Monday, July 6, 2009

Don't Clearcut Oregon's Forests

As a child growing up in rural Oregon, I spent countless hours enjoying all of the outdoor splendor of my home state's wildlands. Hiking and camping with my family, I enjoyed being out amidst Oregon's towering old-growth trees. To this day, I marvel at trees that have stood in Oregon's forest for hundreds of years.
The trees in Oregon's forests are a national treasure in my mind. That's why I'm so upset at a Bush-era plan to open more than 2.5 million acres of public forest land in Oregon up to logging.
It all stems from a Bush Administration agreement with big timber called the Western Oregon Plan Revision (or WOPR). In 2007, Bush released a draft of this plan -- and 27,000 people commented, demanding that the Bureau of Land Management act to save the forests. But the BLM ignored their pleas.
The Sierra Club Oregon's website lists what will happen to western Oregon's forests during the first decade if the WOPR isn't stopped. They say the WOPR will:
1. Remove BLM forests from the scientific framework of the Northwest Forest Plan.2. Ramp up clearcut logging across hundreds of thousands of acres and get over 70% of the timber volume from clearcuts.3. Reduce streamside buffers that protect clean water and fish by 50%.4. Log some of the last remaining older forests in western Oregon.5. Increase logging by nearly 400% compared to current logging levels.6. Add 180 million tons more carbon to the atmosphere compared to no logging (equivalent to the greenhouse gas emissions from 1 million cars driven for 132 years).7. Result in 1,300 miles of new logging roads.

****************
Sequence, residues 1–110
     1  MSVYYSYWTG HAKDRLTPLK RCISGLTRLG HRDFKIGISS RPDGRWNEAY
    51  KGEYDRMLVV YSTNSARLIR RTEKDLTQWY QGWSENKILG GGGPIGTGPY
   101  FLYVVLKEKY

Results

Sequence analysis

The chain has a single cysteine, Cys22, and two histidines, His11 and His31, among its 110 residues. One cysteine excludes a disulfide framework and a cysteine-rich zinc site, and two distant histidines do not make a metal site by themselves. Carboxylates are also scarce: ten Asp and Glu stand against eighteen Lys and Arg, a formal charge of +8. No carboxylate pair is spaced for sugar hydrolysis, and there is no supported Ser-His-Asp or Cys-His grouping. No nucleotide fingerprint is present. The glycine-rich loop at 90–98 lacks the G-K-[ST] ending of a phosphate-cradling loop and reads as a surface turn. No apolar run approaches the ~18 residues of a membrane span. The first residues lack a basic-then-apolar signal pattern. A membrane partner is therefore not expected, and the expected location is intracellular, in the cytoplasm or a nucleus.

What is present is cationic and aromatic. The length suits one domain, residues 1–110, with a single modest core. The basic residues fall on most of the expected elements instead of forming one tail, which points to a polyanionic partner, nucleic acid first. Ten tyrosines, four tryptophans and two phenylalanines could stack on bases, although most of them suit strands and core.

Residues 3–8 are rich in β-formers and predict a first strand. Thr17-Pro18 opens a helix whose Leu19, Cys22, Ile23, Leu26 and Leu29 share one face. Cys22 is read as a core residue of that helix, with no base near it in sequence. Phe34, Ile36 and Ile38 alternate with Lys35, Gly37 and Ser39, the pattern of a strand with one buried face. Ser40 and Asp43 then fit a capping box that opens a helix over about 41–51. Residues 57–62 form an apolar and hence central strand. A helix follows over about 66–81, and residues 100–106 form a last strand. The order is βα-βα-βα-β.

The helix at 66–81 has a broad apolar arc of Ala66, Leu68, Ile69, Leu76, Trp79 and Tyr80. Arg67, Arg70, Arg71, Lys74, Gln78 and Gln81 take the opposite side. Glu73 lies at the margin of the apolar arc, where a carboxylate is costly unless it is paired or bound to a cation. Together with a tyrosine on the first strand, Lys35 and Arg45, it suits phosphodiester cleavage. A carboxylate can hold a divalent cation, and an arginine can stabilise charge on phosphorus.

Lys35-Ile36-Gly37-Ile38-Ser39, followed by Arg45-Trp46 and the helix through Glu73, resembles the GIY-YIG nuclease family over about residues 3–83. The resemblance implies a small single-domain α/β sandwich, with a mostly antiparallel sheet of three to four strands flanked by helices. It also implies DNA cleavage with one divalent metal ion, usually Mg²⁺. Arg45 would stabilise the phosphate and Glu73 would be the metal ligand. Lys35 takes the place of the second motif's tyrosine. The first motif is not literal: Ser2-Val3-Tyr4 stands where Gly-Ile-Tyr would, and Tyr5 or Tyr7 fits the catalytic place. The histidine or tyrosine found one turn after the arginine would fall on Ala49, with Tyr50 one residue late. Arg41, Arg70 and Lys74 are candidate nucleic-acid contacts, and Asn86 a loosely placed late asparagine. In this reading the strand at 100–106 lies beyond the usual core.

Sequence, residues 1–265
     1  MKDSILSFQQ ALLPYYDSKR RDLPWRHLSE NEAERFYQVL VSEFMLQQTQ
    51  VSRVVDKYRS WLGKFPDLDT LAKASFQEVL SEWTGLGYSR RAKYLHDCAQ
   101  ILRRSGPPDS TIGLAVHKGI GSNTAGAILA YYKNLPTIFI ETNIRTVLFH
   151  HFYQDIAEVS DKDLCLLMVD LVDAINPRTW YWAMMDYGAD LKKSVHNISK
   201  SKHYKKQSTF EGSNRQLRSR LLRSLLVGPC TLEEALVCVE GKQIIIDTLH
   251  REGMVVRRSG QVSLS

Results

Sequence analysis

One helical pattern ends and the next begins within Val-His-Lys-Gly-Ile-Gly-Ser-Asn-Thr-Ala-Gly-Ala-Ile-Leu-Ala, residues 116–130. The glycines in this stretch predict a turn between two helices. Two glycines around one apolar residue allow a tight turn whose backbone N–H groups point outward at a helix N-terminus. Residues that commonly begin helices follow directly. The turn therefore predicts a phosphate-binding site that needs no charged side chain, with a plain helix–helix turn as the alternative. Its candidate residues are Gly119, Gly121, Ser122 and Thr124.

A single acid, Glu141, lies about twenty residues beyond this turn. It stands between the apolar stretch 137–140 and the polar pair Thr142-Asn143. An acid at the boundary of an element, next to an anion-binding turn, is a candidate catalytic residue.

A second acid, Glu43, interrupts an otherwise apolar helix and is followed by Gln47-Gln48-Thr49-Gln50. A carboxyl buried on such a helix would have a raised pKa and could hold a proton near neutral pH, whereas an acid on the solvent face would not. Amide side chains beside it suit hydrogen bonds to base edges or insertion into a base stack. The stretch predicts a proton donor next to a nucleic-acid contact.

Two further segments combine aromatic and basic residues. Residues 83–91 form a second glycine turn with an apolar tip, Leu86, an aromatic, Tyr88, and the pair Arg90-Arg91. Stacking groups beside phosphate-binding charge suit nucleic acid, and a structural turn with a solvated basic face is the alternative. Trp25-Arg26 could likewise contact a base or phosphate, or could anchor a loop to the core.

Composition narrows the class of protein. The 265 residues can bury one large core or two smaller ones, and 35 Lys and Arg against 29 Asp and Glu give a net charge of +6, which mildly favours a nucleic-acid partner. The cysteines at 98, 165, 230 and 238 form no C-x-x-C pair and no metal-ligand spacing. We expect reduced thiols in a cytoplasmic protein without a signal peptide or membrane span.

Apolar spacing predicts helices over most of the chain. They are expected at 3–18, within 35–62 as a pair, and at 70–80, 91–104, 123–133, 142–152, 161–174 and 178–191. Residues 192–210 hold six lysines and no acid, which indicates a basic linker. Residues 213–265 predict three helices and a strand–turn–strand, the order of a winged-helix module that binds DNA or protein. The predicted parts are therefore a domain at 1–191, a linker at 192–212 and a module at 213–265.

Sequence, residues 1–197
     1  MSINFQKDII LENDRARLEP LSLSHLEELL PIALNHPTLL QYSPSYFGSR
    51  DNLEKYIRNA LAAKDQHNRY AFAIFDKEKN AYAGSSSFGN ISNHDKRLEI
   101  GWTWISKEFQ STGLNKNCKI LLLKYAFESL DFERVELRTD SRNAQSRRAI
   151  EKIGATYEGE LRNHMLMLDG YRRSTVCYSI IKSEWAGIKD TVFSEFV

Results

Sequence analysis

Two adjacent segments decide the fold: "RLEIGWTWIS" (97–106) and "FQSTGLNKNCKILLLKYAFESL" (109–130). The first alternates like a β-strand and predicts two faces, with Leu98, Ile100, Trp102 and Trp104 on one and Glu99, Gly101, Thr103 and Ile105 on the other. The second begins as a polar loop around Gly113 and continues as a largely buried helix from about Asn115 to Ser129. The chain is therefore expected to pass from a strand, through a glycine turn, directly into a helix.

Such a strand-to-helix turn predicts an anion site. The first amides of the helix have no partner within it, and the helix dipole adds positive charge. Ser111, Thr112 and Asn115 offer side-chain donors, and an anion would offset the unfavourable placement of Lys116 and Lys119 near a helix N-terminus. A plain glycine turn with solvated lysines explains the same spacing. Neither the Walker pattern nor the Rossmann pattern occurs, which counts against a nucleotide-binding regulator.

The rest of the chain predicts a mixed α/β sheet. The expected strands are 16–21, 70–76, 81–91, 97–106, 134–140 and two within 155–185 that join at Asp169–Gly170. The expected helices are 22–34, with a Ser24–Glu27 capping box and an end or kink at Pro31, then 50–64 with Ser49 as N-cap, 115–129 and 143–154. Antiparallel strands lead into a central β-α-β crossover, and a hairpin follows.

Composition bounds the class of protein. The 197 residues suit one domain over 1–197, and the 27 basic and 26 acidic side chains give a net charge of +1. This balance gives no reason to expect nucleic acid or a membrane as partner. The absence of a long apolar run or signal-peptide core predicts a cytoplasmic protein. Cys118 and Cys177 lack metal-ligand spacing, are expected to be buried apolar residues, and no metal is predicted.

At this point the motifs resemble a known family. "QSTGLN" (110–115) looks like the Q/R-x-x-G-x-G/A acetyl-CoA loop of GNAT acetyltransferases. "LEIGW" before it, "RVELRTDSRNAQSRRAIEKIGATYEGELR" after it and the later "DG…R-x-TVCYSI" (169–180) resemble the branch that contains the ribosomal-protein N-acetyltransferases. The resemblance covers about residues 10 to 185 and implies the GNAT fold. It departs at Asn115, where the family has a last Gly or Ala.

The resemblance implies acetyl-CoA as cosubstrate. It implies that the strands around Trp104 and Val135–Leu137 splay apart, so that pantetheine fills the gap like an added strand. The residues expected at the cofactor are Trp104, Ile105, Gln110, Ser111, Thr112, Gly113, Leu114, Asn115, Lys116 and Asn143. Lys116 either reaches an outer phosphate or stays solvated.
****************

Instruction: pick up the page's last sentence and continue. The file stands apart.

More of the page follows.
The Wilderness Society is leading the charge, asking Secretary of the Interior Ken Salazar to stop this plan. In a blog post on their site, the Wilderness Society writes: "The fate of over 2.5 million acres of forest, which is home to over 1,000 different wildlife species, now lies in the hands of the Obama Administration. President Obama and Interior Secretary Ken Salazar have pledged to restore scientific integrity and ethical responsibility to public lands management. To live up to their pledge, the administration should act based on science, law and the interests of the American people and withdraw Bush’s WOPR."
I couldn't agree more. If you've ever visited Oregon's forests, you know just how majestic they are. If you haven't, you're really missing out on an amazing display of our natural world. Either way, please join me in urging Secretary Salazar to stop the plan to clearcut Oregon's forests.
posted by: LiAnna D.

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